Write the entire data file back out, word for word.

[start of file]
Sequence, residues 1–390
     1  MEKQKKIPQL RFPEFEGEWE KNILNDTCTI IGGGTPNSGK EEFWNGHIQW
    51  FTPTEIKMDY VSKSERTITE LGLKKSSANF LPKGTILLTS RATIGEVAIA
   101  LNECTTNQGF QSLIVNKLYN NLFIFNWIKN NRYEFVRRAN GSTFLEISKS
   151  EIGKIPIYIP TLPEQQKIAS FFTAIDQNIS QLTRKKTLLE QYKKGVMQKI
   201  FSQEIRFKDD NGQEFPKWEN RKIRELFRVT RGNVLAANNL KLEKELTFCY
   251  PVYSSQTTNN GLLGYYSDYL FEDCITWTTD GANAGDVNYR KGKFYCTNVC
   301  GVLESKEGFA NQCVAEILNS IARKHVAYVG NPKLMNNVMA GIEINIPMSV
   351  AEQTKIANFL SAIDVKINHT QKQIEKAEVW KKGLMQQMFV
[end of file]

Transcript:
Sequence, residues 1–390
     1  MEKQKKIPQL RFPEFEGEWE KNILNDTCTI IGGGTPNSGK EEFWNGHIQW
    51  FTPTEIKMDY VSKSERTITE LGLKKSSANF LPKGTILLTS RATIGEVAIA
   101  LNECTTNQGF QSLIVNKLYN NLFIFNWIKN NRYEFVRRAN GSTFLEISKS
   151  EIGKIPIYIP TLPEQQKIAS FFTAIDQNIS QLTRKKTLLE QYKKGVMQKI
   201  FSQEIRFKDD NGQEFPKWEN RKIRELFRVT RGNVLAANNL KLEKELTFCY
   251  PVYSSQTTNN GLLGYYSDYL FEDCITWTTD GANAGDVNYR KGKFYCTNVC
   301  GVLESKEGFA NQCVAEILNS IARKHVAYVG NPKLMNNVMA GIEINIPMSV
   351  AEQTKIANFL SAIDVKINHT QKQIEKAEVW KKGLMQQMFV